BUCKHANNON – More than 100 years ago, four Pallottine Missionary Sisters departed Germany on a journey to America. After narrowly avoiding tragedy – they initially booked passage on the Titanic before delaying their trip – the four women eventually found a home in the small Appalachian town of Buckhannon, West Virginia, where they purchased a private residence and converted it into a small, eight-bed hospital.
Thus were the humble beginnings of St. Joseph’s Hospital in 1921.
A century later, the legacy of those founding Sisters endures, with Sister Francesca Lowis determined to carry on the Pallottine Missionary Sisters’ mission of providing quality healthcare in under-served, north-central West Virginia.
Now Vice President of Mission Integration and serving in the hospital’s Pastoral Care office, Sister Francesca says she’ll stay as long as the hospital will have her. Shortly after St. Joseph’s Hospital turned 100 years old officially on March 28, 2021, she opened up about what it’s like to be the sole living Sister stationed at the hospital, the sacrifices other Sisters made throughout the years to keep the hospital’s doors open, and the love she feels for her vocation.
Upon joining the Pallottine Missionary Sisters when she was 19 years old in Germany, Sister Francesca could never have predicted that more than five decades later, she would still be serving a key mission in the United States.
Sister Francesca arrived in the U.S. in 1963 at age 25 and earned her bachelor’s degree in elementary education from Dunbarton College of the Holy Cross in Washington, D.C. She went on to obtain her master’s degree in education from St. Louis University and spent time teaching until beginning her work at St. Joseph’s Hospital in 1995.
The 83-year-old nun is the only remaining Sister in the area – others are stationed in Huntington, West Virginia and Laurel, Maryland – but when she first arrived, that wasn’t the case. Sister Francesca joined three others in her order: Sister Marguerite, Sister Mary Herbert and Sister Roberta. A few years later, Sister Carol came aboard.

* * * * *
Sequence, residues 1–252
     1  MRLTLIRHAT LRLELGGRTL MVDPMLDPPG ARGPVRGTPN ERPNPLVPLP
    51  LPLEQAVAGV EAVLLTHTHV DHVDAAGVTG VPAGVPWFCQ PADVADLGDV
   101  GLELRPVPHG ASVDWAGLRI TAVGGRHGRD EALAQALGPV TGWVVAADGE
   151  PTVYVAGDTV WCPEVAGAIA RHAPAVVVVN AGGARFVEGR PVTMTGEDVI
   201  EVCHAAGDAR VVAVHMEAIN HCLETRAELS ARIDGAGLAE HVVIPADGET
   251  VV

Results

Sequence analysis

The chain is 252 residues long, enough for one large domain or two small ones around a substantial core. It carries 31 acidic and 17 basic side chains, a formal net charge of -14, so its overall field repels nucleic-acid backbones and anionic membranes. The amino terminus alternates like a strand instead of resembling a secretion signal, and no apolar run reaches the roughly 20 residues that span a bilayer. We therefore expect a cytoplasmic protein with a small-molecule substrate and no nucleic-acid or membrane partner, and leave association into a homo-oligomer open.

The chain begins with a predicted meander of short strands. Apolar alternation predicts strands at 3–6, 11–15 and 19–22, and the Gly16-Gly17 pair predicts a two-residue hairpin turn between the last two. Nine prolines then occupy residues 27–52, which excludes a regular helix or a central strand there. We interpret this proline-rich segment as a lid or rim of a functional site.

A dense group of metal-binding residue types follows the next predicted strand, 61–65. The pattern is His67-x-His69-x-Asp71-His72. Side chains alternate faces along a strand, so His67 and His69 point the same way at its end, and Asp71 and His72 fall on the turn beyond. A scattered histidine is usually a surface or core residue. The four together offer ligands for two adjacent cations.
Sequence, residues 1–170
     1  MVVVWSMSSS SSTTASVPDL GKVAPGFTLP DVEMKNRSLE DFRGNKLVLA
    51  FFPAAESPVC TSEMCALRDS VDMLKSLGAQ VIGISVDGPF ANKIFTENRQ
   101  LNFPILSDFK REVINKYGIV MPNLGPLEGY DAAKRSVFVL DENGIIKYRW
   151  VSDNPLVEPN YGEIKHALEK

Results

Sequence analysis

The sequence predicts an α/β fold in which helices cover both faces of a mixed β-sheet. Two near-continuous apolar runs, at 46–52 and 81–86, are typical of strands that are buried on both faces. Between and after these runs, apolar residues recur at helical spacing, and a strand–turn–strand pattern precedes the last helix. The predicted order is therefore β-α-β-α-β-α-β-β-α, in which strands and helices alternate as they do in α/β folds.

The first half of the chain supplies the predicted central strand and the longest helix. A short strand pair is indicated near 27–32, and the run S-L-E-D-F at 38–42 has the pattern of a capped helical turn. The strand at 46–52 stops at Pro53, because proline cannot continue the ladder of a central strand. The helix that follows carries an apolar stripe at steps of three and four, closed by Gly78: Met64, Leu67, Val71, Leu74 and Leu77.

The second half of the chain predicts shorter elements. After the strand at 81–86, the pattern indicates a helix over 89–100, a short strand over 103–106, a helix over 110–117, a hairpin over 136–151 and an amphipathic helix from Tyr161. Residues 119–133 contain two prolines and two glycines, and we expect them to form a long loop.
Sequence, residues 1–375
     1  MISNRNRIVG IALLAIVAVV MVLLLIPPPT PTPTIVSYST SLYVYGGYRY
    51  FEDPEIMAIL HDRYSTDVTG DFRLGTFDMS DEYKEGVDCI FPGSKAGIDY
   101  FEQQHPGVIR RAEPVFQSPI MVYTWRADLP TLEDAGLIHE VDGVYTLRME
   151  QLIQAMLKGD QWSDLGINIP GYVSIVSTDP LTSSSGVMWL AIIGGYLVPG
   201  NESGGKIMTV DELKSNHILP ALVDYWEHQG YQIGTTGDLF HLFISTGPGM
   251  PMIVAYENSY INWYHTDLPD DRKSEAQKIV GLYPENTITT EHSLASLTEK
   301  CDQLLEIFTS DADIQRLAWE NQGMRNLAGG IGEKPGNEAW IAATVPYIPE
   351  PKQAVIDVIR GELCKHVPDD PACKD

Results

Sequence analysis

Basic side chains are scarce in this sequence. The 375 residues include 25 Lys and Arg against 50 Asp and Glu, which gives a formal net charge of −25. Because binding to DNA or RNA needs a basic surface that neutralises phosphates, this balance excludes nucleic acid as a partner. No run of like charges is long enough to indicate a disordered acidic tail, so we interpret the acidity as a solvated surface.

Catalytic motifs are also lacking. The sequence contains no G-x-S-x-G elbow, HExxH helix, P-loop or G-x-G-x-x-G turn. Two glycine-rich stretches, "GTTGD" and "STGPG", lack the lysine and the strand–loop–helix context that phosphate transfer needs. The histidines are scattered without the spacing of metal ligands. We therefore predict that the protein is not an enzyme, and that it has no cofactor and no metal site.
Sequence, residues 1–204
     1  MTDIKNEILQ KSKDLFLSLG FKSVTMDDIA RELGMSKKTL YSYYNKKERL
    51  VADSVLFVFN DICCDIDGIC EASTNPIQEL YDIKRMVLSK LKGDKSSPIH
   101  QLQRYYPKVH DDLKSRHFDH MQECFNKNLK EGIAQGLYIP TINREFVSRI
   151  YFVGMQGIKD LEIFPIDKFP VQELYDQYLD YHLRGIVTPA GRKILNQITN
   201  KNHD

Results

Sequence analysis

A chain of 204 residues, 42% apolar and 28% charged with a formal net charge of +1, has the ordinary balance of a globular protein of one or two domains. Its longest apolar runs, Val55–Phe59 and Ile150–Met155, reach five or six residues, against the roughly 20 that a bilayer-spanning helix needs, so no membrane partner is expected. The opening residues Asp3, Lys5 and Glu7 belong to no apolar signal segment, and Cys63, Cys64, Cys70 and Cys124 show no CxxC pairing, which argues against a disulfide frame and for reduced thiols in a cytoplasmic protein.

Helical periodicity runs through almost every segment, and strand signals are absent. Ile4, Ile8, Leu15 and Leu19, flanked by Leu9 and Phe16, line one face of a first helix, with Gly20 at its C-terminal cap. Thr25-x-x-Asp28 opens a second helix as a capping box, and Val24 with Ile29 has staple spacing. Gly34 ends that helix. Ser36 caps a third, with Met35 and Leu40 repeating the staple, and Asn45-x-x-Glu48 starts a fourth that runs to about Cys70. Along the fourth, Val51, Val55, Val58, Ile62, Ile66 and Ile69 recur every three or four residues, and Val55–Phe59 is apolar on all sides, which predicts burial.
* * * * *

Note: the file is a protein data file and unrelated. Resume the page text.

“One after the other, they left and died, and I was left by myself by default,” she said.
She now lives with her beloved cat, Silvio, and loves the work she was called to do and will continue to do as long as her health allows.
“God is going to decide,” she says. “If I stay healthy, I’d like to stay as long as they’ll have me. That’s it – that’s the bottom line. I really like it here – not just the hospital, but I like Buckhannon.”
Over the years, many of the Sisters at St. Joseph’s made sacrifices in order to preserve the hospital’s mission and keep its doors open – decisions that were divinely inspired, Sister Francesca believes.
“I think God kept it open,” she says. “The Sisters used to pray a lot that somehow they would make it. There were some very lean times, and not just in the ‘30s and ‘40s, but even in the ‘70s and ‘80s. You couldn’t get doctors to come and stay, that was one big problem. They might come, but they wouldn’t stay.”
Despite setbacks, the Sisters remained resolute in their mission to provide effective, quality healthcare to the people of Upshur County.
“[The Sisters] went without a lot, especially during the hard times,” Sister Francesca said. “They had been here so long that they were really, really personally involved in the hospital because they saw it growing.”
In order ensure the hospital endures well into the future, the Provincial Council of the Pallottine Missionary Sisters made a monumental decision in recent years. With aging Sisters and an ever-declining order, on Oct. 1, 2015, WVU Medicine reached an agreement with the Provincial Council and acquired the hospital, becoming its sponsor.
“That was a big step,” Sister Francesca said. “The Sisters had already been thinking about either cooperating with another big group or selling. When the number of Sisters started dwindling, we had fewer and fewer Sisters who could actually work.”